Watch Out for These Common Mistakes Made While Speaking Greek
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Are you learning Greek? Is English your native language? If so, there are some common mistakes you might be tempted to make while speaking Greek because the concepts are either a little different in English or they don’t really exist. It is important to keep these mistakes in mind as you learn so that you can prevent yourself from making them in the first place.
Mixing Up the Gender of Greek Nouns
English doesn’t separate nouns into genders, so when trying to speak in Greek, it’s easy to get confused. Greek nouns have three genders:
- Masculine – ο σκύλος – o skilos – the dog
- Feminine – η μητέρα – i mitera – the mother
- Neuter – το κορίτσι – to koritsi – the girl
As you can see, there really isn’t any gender-related pattern concerning which nouns are masculine, feminine, and neuter, which means that this can be a challenge to get right. Each gender has its own articles. When learning vocabulary lists, be sure to study the articles with the word itself. You will be less likely to get this wrong if you do.
Not Understanding the Alphabet
Another issue for English speakers when learning Greek is failing to pronounce the Greek letters properly. Greek has its own alphabet, and it could take some time getting used to it. We covered the ins and outs of the alphabet in a previous article. For your reference, here are the letters:
- Α α, άλφα, alpha
- Β β, βήτα, veta
- Γ γ, γάμα, gamma
- Δ δ, δέλτα, delta
- Ε ε, έψιλον, epselon
- Ζ ζ, ζήτα, zeta
- Η η, ήτα, eeta
- Θ θ, θήτα, theta
- Ι ι, γιώτα, yota
- Κ κ, κάπα, kappa
- Λ λ, λάμδα, lamtha
- Μ μ, μι, mee
- Ν ν, νι, nee
- Ξ ξ,, ξι, xee
- Ο ο, όμικρον, omekron
- Π π, πι, pe
- Ρ ρ, ρο, ro
- Σ σ/ς, σίγμα, segma
- Τ τ, ταυ, taf or tau
- Υ υ, ύψιλον, eepsilon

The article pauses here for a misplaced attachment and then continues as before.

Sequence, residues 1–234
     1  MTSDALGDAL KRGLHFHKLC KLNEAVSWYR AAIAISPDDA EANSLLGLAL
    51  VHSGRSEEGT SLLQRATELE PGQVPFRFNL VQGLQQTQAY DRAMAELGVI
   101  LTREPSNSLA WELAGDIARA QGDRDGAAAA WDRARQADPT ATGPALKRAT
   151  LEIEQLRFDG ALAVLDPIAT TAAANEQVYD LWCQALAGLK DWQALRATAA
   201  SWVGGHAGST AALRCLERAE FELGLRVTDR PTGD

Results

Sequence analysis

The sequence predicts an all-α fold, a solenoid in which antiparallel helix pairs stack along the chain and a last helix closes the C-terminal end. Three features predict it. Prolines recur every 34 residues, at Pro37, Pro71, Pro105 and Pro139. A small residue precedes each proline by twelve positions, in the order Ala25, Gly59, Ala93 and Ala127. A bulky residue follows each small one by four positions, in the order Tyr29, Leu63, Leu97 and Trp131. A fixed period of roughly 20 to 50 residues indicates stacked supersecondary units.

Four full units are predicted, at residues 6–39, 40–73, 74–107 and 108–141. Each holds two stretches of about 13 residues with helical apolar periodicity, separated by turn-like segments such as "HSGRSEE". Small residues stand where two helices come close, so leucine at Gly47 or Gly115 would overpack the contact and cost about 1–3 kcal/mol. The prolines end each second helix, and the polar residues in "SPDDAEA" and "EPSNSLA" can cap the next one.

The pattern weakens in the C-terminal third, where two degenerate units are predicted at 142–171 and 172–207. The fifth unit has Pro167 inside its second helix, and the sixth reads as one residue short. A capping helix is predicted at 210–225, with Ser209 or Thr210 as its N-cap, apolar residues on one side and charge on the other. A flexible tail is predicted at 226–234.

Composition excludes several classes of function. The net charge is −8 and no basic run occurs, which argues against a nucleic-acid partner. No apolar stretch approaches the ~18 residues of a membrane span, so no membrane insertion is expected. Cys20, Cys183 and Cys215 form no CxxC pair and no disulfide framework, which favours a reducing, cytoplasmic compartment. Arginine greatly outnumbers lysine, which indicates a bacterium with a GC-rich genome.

- Φ φ, φι, fee
- Χ χ, χι, hee
- Ψ ψ, ψι, psee
- Ω ω, ωμέγα, omega
Getting the Verb Tenses Wrong
In the Greek language, verb tenses can be a challenge. When we first learn about verbs, we tend to stick to the present tense. However, this can only get you so far. When learning about verbs, it is also important to study the other tenses. It will also make your speaking sound a lot more sophisticated.
Here is a look at some of the verb tenses you might encounter in Greek:
- Present – expresses an ongoing action
- Imperfect – describes an ongoing action in the past
- Future – expresses an action occurring in the future
- Aorist – also called the past simple, this tense expresses a past, simple action
- Perfect – this tense describes an action that occurred in the present and was successfully completed in the present
- Pluperfect – this verb describes an action that occurred, and was completed, in the past.
- Future perfect – expresses an action that occurs in and then has been completed in the future
It is important to get these tenses right, but in order to do that, you may need to consult with a qualified Greek teacher.
Not Pronouncing the Digraphs Correctly
According to Webster’s Dictionary, a digraph is defined as:
a group of two successive letters whose phonetic value is a single sound (such as ea in bread or ng in sing) or whose value is not the sum of a value borne by each in other occurrences (such as ch in chin where the value is \t\ + \sh\)
The Greek language has several digraphs, and many of these involve vowels. They are also commonly mispronounced. Don’t make this mistake! Here’s a look at the common digraphs and how to pronounce them:
- Οι – pronounced “ee”
- Ευ – pronounced “ev” or “ef” depending on the word
- Αι – pronounced “e” as in “end”
- Ει – pronounced as “i” the way it is pronounced in words like “in” or “information”
The best way to approach these potential mistakes is to study the accompanying grammatical principals well enough so hat you don’t fall victim to making these mistakes. Just read through this list and make sure you understand the grammar. That way, when you practice speaking Greek, you will be more likely to do things correctly.
The Learn Greek section on GreekBoston.com was written by Greeks to help people understand the conversational basics of the Greek language. This article is not a substitute for a professional Greek learning program, but a helpful resource for people wanting to learn simple communication in Greek.
Categorized in: Learn How to Speak Basic Greek
This post was written by Greek Boston